The Green Party of England and Wales has beaten the Liberal Democrats into fourth place in the European elections for the first time.
It got nearly 8% of the vote nationally, and three MEPs, ahead of the Lib Dems which got less than 7%.
The Greens won one new seat in the South West of England and also retained their two existing seats in London and the South East of England.
Party leader Natalie Bennett hailed it as a "good night" for the Greens.
Before the election, the Greens - which back holding a referendum on the UK's future membership but want to stay in the EU - were talking about tripling their tally of MEPs from two to six.
But Ms Bennett said she was "very pleased" with boosting their representation and relegating the Lib Dems to fifth place.
"The fact that we've elected Molly Scott Cato as our first MEP in the South-West. And that the fact that we've finished a very clear fourth - ahead of the Liberal Democrats," she said.
The party, she added, would now begin to look around the country for seats to target in next year's general election.
Asked what she thought of the election result meant, Ms Bennett added: "I think we're in a very febrile political period. I think we are going to see a great deal of political change. And as we've seen in the results today the past is not necessarily a great guide to the future in terms of politics."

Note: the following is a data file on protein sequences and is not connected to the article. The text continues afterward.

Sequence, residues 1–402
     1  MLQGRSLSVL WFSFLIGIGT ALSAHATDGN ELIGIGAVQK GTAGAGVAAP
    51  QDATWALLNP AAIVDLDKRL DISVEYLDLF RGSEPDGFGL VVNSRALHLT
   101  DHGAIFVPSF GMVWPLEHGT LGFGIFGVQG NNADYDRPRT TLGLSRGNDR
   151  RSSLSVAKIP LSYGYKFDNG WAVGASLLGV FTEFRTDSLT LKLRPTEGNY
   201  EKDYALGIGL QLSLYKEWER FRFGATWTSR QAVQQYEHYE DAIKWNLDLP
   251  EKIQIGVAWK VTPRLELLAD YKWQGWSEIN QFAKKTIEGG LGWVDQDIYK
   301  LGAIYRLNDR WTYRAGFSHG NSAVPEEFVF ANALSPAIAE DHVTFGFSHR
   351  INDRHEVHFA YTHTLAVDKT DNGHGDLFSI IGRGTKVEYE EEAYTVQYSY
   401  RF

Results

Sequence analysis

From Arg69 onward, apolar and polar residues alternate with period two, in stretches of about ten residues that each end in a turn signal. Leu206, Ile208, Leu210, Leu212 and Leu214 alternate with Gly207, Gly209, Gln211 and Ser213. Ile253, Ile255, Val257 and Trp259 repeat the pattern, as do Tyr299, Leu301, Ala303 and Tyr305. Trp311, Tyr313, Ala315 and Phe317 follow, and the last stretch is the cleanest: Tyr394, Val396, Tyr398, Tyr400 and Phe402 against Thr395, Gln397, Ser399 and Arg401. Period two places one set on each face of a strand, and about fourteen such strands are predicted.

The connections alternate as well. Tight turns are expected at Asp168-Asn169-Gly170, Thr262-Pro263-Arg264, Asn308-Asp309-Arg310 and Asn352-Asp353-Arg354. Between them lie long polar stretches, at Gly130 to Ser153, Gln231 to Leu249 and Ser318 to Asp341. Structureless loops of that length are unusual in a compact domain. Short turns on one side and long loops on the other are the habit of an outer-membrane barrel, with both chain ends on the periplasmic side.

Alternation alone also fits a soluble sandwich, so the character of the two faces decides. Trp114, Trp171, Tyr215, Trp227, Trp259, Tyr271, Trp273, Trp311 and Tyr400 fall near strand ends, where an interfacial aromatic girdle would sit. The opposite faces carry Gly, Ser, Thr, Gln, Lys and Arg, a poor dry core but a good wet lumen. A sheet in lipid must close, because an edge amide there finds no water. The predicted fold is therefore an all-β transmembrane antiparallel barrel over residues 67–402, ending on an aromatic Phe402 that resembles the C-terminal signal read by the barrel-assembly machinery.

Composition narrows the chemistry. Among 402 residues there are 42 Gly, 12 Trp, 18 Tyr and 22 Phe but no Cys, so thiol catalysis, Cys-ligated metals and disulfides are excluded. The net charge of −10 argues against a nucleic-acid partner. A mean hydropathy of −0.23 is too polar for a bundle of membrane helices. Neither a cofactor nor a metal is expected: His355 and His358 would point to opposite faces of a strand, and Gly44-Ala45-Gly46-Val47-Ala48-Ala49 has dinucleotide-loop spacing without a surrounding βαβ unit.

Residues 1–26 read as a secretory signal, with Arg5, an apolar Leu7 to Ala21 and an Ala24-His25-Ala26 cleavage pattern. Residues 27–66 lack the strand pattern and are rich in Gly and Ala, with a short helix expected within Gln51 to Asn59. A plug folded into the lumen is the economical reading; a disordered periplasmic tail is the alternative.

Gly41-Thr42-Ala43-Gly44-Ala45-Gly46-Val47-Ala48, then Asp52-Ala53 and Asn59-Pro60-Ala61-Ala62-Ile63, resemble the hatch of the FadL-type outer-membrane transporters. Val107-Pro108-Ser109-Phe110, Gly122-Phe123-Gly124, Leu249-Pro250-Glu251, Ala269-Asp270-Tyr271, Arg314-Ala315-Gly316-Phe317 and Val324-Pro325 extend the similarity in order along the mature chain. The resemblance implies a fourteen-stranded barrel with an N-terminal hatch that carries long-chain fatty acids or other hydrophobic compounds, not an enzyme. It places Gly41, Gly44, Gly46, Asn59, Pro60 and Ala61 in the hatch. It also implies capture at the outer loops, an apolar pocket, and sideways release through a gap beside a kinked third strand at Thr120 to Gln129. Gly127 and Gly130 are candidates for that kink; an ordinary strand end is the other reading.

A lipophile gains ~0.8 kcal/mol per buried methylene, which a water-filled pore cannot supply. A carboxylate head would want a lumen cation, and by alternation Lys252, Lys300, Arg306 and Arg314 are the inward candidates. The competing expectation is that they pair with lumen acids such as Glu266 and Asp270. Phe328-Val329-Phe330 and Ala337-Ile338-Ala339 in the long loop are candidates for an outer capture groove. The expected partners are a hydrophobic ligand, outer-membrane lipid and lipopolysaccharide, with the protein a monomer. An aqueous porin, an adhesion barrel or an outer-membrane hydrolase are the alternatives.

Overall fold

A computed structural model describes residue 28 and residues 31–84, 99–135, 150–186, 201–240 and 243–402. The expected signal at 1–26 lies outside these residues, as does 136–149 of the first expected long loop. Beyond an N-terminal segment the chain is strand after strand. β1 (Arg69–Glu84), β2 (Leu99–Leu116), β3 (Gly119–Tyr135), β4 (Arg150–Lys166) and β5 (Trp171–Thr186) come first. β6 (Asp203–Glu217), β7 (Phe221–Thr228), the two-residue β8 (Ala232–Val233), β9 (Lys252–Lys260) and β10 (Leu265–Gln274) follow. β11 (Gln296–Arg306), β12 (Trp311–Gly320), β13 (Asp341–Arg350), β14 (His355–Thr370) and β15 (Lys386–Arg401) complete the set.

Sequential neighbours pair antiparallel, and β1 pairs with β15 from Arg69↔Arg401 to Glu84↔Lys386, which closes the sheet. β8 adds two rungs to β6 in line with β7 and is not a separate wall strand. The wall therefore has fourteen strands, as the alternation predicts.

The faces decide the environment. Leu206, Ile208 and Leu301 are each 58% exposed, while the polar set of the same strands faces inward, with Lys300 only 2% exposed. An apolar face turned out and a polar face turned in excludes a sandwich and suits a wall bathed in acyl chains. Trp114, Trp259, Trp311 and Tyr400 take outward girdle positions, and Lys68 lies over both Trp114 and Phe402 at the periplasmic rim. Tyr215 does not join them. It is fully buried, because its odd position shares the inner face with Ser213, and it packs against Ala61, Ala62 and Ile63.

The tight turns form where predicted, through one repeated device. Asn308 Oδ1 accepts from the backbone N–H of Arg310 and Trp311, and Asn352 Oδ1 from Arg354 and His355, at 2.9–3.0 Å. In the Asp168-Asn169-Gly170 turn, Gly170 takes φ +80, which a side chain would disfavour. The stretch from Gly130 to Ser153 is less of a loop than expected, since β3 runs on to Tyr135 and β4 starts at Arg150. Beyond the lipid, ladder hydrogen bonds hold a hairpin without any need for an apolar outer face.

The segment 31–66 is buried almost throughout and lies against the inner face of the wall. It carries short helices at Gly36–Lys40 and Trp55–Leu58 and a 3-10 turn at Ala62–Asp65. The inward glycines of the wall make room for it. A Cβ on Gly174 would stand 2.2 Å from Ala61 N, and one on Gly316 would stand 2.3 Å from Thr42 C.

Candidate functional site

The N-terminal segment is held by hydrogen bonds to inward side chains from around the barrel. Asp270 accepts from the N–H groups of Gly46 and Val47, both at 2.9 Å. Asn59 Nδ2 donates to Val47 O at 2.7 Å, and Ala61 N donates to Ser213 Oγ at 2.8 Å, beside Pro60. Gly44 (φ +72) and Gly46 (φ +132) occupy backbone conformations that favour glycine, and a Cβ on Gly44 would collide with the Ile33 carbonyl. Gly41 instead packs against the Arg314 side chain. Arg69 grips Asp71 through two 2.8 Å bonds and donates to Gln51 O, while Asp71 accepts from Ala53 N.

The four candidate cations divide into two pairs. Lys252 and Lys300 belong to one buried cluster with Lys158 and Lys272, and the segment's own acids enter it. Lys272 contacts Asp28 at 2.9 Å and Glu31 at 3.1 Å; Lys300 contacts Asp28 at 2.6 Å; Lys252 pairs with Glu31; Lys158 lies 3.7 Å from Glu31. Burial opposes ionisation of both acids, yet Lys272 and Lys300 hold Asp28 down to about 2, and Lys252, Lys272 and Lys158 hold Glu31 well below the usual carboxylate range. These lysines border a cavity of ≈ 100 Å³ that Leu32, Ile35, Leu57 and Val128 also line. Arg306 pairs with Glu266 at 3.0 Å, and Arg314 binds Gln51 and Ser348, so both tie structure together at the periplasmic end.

"What voters are very clearly saying, both those who voted in the polls and the 60% who stayed away is that we are not happy with politics as it is now. We want a different kind of politics, a different kind of economics.
"And the Green Party, since we offer that, in a way of offering hope rather than trying to make people feel fearful, that hope is going to be a very powerful message and a very great attraction to voters."
Caroline Lucas, the Green MP for Brighton Pavilion said the party was "very cheered" by its win in the South West adding it was "fantastic for us".
She told the BBC that many people felt that the European Union (EU) was "something that is done to them".
The Lib Dems held onto only one of their European Parliamentary seats, suffering the biggest losses of the main political parties.
Former MEP Sir Graham Watson, who was first elected to the European Parliament in 1994, lost his seat in the South West as the Lib Dems were pushed into last place in their electoral homeland.